• Parador de Trujillo, Trujillo (tel. 92-732-13-50): Set in the inviting 16th-century convent of Santa Clara, this parador was originally built in a combination of medieval and Renaissance styles. The building was transformed into a hotel in 1984; the guest rooms are considerably more lavish than they were during their stint as nuns' cells. The cuisine is the best in town.

 

    • Parador de Mérida, Mérida (tel. 92-431-38-00): A 16th-century building that was at various times a convent and a prison, this parador once hosted a meeting between the much-hated dictators of Spain (Franco) and Portugal (Salazar) in the 1960s. Mudéjar, Roman, and Visigothic elements adorn the interior in unusual but stunning juxtaposition. The inner courtyard and Mozarabic gardens add graceful notes. The kitchen serves the area's best, including gazpacho, calderetas extremeñas (stews), and the famous Almoharin figs.

 

    • Parador de Santillana Gil Blas, Santillana del Mar (tel. 94-202-80-28): This bucolic parador recalls the manor houses that dotted northern Spain's verdant hillsides more than 400 years ago. Composed of thick stone walls and heavy timbers, it's pleasantly isolated and elegantly countrified. A bonus is its proximity to what has been called "the Sistine Chapel of prehistoric art" -- the Caves of Altamira.

 

    • Parador Molino Viejo (Parador de Gijón), Gijón (tel. 98-537-05-11): As the name implies, this hotel was built around the decrepit remains of a molino, or cider mill (and the antique presses are still at hand). Close to San Lorenzo Beach, it's the only parador in the northern province of Asturias. The dining room serves typical Asturian cuisine, including the famous fabada, a rich stew of white beans and pork.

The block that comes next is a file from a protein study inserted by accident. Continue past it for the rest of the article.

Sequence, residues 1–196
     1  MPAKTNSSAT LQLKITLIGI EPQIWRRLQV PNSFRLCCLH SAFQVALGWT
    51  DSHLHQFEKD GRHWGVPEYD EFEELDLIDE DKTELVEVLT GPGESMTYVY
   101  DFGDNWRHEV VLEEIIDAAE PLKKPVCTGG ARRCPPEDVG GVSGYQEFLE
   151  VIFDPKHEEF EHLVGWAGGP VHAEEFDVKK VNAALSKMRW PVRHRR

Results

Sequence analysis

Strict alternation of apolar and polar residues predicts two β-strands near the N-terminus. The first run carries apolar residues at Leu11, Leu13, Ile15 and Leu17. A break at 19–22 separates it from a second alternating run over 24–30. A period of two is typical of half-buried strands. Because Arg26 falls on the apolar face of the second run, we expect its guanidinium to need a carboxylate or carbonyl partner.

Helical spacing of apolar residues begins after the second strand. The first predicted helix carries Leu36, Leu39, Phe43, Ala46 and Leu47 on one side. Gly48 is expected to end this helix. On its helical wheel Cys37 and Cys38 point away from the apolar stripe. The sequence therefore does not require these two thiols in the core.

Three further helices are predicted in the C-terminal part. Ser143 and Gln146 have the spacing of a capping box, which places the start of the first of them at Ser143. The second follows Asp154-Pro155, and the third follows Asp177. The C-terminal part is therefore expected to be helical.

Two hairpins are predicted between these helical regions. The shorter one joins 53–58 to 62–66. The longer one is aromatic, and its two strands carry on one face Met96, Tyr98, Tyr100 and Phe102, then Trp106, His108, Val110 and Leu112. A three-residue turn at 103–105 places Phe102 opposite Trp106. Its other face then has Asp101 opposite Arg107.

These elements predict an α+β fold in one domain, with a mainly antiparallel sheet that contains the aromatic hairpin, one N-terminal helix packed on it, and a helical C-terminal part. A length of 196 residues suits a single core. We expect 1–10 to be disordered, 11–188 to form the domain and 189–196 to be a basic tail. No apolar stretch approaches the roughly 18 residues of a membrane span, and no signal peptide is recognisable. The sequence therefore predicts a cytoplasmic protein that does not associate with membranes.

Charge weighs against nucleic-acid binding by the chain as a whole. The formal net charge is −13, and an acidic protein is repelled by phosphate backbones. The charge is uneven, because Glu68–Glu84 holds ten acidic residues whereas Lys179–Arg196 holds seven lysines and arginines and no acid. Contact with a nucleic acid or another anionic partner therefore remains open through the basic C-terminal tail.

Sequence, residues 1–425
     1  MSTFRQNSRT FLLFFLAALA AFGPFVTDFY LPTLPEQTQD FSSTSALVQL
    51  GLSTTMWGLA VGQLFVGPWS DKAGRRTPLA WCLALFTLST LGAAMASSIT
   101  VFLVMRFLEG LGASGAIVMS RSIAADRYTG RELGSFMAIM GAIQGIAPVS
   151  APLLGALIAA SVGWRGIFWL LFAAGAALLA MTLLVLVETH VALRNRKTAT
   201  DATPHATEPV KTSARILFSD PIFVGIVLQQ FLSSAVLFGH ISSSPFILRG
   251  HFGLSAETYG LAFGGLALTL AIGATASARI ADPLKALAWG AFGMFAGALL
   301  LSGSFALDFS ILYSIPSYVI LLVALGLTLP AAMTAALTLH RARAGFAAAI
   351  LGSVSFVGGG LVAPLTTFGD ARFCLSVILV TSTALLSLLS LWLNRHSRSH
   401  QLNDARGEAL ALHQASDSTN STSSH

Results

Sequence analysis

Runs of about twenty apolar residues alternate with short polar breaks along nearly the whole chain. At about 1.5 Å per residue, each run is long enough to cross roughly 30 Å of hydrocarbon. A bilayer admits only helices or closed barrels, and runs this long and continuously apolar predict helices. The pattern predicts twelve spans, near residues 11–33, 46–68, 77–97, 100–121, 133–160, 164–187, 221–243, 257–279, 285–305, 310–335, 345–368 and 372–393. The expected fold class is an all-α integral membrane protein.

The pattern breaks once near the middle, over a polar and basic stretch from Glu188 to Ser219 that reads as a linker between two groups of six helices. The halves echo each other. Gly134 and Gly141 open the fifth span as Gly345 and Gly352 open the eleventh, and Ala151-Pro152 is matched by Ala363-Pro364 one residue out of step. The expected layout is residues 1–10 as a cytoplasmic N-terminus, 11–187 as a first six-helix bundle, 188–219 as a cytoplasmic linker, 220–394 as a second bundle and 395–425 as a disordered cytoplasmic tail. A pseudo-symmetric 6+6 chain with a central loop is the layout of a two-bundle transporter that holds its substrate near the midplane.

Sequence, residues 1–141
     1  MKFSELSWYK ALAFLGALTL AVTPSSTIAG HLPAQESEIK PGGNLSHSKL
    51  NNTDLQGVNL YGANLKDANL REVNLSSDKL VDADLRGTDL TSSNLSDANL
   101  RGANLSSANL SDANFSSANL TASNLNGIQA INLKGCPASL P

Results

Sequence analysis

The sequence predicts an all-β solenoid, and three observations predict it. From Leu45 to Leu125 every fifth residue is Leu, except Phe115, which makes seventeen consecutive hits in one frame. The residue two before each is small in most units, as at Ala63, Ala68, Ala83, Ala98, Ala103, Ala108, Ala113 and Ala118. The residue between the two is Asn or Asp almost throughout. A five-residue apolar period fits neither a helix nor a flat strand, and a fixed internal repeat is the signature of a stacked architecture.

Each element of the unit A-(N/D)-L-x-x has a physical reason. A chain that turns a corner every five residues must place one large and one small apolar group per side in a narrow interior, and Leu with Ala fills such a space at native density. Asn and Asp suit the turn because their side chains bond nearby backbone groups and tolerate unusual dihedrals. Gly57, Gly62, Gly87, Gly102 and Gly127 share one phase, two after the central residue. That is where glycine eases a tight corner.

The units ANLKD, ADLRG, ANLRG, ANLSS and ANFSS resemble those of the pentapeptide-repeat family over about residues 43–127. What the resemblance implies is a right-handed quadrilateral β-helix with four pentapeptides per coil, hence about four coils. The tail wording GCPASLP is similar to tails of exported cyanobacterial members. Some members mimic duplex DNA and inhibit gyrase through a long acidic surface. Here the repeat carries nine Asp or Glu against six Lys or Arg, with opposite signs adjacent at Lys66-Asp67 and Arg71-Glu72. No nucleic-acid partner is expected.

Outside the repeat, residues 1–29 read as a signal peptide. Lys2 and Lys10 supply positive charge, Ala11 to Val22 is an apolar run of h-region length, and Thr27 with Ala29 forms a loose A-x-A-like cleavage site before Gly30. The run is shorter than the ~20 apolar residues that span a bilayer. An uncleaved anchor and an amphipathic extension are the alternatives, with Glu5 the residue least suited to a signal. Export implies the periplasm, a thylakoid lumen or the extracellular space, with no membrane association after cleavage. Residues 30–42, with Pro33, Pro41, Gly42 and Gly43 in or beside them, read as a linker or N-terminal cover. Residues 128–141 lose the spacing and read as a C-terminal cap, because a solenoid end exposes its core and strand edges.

• Parador de Pontevedra, Pontevedra (tel. 98-685-58-00): The building is a 16th-century Renaissance palace built on foundations at least 200 years older than that. It's famous as one of Spain's first paradores. Inaugurated in 1955, its success led to the amplification of the parador program. The hotel is still alluring today, with its delightful terrace garden and stately dining room, which serves the fresh fish and seafood for which Galicia is known.

 

  • Hostal de Los Reyes Católicos, Santiago de Compostela (tel. 98-158-22-00): We saved the best for last -- this is one of the most spectacular hotels in Europe. Originally a hospice for wayfaring pilgrims, it boasts a lavish 16th-century facade, four open-air courtyards, and a bedchamber once occupied by Franco. Today, the hotel is a virtual museum, with Gothic, Renaissance, and baroque architectural elements. It boasts four beautiful cloisters, elegant public areas, and spectacular guest rooms.

Note: This information was accurate when it was published, but can change without notice. Please be sure to confirm all rates and details directly with the companies in question before planning your trip.